- Ph.D. Mechanical Engineering, 1997, Brigham Young University.
- B.S. Mechanical Engineering, 1993, Brigham Young University.

Dr. Morton joined the Department of Integrated Engineering at Southern Utah University in the Fall of 2009. After completing his Ph.D. in Mechanical Engineering in 1997, he began work at General Electric Power Systems as a Lead Fluid Mechanics Design Engineer, performing turbine blade design, turbine hot section gas temperature prediction, cooling and leakage flow assessment, turbine component flow modeling, and gas turbine thermodynamic cycle analysis for GE’s product line fleet and for modifications and upgrades. In 2000, he received GE’s Engineering Services Award for development of GE’s Turbine Outage Optimizer, a design tool for analyzing GE’s modifications and upgrades. In 2003, he received GE’s Patent Award for co-development of GE’s Gas Turbine Simulator Tool. In 2007, he joined the University of Tennessee Space Institute as Research Assistant Professor, conducting research in the field of bluff-body aerodynamics and vortex-dominated flows. His research interests include bluff-body aerodynamics, rotating machinery and turbine blade design, and mathematical methods for vortex-dominated flows. His recent research on engine flows was recognized as the 2013 Top Downloaded Paper of the *International Journal of Engine Research*.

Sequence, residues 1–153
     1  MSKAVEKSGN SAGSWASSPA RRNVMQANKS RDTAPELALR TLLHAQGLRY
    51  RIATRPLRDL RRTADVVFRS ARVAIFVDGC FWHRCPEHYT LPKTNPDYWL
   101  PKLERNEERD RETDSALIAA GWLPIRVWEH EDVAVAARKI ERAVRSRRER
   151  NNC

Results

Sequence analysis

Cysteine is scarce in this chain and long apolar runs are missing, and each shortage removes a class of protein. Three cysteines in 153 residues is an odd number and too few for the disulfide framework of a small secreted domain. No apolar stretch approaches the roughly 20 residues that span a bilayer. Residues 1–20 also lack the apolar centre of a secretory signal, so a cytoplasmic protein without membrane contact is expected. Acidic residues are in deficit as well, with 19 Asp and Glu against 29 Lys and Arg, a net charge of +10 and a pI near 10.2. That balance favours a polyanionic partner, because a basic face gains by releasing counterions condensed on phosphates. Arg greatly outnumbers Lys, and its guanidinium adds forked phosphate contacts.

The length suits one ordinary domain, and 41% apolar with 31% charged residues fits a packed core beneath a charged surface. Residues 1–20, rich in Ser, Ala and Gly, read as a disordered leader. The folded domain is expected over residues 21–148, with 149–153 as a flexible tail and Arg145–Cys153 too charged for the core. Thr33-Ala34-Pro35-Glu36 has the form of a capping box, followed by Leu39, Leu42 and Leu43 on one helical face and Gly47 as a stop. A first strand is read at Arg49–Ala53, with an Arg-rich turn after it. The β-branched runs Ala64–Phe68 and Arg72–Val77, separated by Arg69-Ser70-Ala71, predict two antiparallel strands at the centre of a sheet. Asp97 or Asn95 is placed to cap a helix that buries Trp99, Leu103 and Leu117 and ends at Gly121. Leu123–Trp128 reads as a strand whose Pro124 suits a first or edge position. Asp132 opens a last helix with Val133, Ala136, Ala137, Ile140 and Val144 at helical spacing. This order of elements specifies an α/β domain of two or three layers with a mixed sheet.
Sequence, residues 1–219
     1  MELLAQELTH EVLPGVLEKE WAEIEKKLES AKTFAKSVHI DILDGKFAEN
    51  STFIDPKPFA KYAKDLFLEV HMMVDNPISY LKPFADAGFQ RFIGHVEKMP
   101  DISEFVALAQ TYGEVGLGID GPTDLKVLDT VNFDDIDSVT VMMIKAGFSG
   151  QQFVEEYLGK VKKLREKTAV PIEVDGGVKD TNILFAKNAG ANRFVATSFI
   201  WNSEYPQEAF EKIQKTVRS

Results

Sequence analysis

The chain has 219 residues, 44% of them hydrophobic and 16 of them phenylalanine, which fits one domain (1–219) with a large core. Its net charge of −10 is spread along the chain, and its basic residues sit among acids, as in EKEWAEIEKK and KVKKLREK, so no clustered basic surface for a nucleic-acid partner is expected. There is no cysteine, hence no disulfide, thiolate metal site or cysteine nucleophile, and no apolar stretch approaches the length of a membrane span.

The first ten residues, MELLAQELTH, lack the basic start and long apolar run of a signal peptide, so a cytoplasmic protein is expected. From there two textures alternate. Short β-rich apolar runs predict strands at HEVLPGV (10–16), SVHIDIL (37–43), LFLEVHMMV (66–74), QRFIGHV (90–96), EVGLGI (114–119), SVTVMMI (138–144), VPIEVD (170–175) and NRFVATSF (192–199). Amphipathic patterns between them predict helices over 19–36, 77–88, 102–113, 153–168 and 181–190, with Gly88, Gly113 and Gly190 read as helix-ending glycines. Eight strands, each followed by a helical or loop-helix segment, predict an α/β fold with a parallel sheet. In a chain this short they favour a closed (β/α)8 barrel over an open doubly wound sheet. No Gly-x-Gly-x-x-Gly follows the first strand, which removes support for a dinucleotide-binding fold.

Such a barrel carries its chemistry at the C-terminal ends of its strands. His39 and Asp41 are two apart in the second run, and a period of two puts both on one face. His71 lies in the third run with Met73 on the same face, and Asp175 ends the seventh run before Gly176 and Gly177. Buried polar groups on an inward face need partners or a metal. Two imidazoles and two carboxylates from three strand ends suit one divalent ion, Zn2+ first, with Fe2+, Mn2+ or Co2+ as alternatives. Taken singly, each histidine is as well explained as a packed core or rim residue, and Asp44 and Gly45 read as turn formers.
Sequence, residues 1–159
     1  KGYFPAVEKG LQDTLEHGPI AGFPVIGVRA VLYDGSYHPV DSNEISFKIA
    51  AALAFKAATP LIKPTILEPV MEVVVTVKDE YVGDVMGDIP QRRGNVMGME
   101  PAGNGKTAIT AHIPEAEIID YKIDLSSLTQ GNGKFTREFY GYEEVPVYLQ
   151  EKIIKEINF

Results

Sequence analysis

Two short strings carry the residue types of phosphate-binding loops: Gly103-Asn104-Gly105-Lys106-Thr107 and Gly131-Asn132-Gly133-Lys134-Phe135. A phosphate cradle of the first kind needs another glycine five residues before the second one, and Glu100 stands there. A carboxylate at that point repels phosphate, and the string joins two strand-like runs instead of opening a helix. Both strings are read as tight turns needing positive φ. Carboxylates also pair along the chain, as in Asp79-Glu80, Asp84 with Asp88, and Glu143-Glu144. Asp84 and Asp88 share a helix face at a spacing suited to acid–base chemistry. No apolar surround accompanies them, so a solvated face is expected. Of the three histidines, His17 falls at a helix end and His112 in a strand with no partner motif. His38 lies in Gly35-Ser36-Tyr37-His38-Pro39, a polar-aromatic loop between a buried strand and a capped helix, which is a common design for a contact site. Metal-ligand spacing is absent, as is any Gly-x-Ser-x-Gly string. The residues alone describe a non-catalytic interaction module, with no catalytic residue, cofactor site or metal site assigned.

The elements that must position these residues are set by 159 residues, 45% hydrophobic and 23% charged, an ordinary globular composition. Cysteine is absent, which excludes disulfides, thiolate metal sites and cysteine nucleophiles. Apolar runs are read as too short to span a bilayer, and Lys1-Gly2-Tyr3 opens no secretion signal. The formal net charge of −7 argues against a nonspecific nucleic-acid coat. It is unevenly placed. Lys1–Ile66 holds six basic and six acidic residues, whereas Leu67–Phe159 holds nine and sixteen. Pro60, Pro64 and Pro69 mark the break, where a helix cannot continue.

Understanding the primary flow characteristics of a vortex can guide both conceptual designs and CFD studies of combustion chambers for the energy and automotive industry. In the following two streamline patterns from Dr. Morton's current research on vortex rings with swirl, wider spacing between streamlines indicates regions of lower velocity, and tighter spacing indicates regions of higher flow velocity. The ratio f of the polloidal frequency to the toroidal frequency of a fluid particle traveling on the outside streamline is 3 in the vortex ring on the top, and 1/4 in the vortex ring on the bottom.

Swirling vortex ring with f_polloidal/f_toroidal = 3 Swirling vortex ring with f_polloidal/f_toroidal = 1/4

1. Morton, T. S., “Estimating the mean flow field in combustion chambers,” *International Journal of Engine Research*, **15**, pp. 338-345 (2014). [Most downloaded paper of 2013 (http://jer.sagepub.com/cgi/collection/2013downloads).]

2. Morton, T. S., "How to obtain velocity fields from observed streamline patterns," *J. Sci. Math. Res.* **3**, pp. 18-28 (2009).

3. Morton, T. S., "An estimate of the circulation generated by a bluff body," *J. Sci. Math. Res*. **2**, pp. 12-19 (2008).

4. Morton, T. S., "An extension of the vorticity persistence theorem to three dimensions,” presented at *The 6th International Conference on Differential Equations and Dynamical Systems*, Baltimore, MD, May 22-26, 2008.

5. Morton, T. S., "A simplification of the vorticity equation and an extension of the vorticity persistence theorem to three dimensions," *J. Sci. Math. Res.* **1**, pp. 21-29 (2007).

6. Morton, T. S., "A correlation between drag and an integral property of the wake," *J. Sci. Math. Res*. **1**, pp. 2-20 (2007).

7. Morton, T. S., "The velocity field within a vortex ring with a large elliptical cross-section," *Journal of Fluid Mechanics* **503** pp. 247-271 (2004).

8. Kupershmidt, B. A. & Morton, T. S., "Quantum arithmetic progression whose sums have divisibility properties," *J. Sci. Math. Res.* **3**, pp. 11-13 (2009).

9. Morton, T. S., "A product of two quantum integers," *J. Sci. Math. Res.* **3**, pp. 5-6 (2009).